The inner bark of these trees, like other maples, are edible and contain a fair amount of carbohydrates. Finely chop this inner bark then boil it. Be sure to drink the water to get all the calories. This boiled bark will be a bit sweeter than most other non-maple barks but a flavoring agent will help improve its taste. This inner bark is available all year long though its sugar-content will be highest in the later winter when the sap is flowing.

Box Elder seeds are, in my opinion, the best part of the tree. They grow in "helicopter" shells with two joined together at the stem. Come fall, the ripe shells will break apart and fall spinning to the ground. This fluttering motion will send them a small distance from the mother tree. Treat these seeds like pumpkin seeds except they must be freed from their helicopter shell before boiling them for ten minutes in salt water then salting and roasting them at 400F for 10-20 minutes. Cooking time depends on how crisp you want the final product.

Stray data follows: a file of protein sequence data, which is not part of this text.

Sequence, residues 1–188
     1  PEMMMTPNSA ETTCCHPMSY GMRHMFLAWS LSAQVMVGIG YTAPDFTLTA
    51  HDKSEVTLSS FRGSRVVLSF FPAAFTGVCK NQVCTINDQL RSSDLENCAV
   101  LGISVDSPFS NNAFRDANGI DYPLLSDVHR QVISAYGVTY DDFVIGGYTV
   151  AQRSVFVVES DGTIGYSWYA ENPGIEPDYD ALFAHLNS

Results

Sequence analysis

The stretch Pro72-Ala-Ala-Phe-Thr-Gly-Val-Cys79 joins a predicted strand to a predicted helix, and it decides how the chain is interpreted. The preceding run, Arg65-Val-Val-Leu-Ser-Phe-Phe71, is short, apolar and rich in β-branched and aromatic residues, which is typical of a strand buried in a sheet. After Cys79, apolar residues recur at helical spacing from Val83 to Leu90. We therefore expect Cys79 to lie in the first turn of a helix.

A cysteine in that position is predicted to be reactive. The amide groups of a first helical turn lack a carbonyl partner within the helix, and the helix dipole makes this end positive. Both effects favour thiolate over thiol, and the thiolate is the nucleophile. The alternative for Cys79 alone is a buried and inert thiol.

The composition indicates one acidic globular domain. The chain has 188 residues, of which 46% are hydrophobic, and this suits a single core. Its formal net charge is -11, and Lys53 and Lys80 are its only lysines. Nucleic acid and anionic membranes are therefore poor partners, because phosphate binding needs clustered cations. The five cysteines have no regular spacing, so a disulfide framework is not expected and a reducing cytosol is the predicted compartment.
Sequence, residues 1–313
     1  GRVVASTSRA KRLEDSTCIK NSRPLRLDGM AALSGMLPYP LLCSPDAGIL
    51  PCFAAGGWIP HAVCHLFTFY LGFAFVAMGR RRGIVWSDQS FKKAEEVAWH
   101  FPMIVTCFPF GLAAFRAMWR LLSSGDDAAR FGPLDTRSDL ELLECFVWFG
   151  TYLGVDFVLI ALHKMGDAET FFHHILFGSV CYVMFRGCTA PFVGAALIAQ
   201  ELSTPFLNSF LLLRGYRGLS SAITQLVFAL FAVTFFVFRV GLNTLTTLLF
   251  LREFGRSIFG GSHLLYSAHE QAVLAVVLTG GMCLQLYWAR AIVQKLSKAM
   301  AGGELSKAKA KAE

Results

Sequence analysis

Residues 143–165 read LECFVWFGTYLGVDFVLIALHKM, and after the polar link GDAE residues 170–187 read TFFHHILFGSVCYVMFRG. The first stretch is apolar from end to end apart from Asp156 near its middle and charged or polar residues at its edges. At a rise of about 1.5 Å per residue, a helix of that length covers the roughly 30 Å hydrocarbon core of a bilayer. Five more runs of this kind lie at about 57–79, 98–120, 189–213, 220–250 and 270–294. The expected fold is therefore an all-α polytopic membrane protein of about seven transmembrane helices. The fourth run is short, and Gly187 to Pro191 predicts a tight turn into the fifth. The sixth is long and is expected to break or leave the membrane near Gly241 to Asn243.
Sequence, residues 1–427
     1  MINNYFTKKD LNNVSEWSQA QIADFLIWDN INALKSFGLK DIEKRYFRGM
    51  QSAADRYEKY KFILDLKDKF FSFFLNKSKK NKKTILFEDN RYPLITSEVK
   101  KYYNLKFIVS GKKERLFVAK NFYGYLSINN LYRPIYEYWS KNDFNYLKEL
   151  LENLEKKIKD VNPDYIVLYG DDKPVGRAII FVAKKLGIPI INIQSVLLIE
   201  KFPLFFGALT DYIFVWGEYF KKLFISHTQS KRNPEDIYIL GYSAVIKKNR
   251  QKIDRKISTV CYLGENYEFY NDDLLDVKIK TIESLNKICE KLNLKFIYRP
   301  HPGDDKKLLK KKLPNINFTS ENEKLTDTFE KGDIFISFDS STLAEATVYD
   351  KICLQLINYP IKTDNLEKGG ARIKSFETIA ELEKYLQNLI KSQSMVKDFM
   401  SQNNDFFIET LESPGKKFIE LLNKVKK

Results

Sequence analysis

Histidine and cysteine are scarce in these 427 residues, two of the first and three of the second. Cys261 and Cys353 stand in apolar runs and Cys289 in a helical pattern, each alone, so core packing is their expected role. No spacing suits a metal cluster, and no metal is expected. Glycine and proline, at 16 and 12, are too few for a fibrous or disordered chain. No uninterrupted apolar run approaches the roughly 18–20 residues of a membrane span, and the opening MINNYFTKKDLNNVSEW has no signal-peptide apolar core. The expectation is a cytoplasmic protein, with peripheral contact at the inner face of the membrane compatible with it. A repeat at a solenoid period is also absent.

Buy my book! Outdoor Adventure Guides Foraging covers 70 of North America's tastiest and easy to find wild edibles shown with the same big pictures as here on the Foraging Texas website.

Privacy & Amazon Paid Promotion Statement

I use third-party advertising companies to serve ads when you visit this website. These companies may use information (not including your name, address, email address, or telephone number) about your visits to this and other websites in order to provide advertisements about goods and services of interest to you. If you would like more information about this practice and to know your choices about not having this information used by these companies, click here.

I participate in the Amazon Services LLC Associates Program, an affiliate advertising program designed to provide a means for me to earn fees by linking to and affiliated sites. The prices you pay for the item isn't affected, my sales commission comes out of Amazon's pocket.

*These statements have not been evaluated by the Food and Drug Administration. This product is not intended to diagnose, treat, cure, or prevent any disease.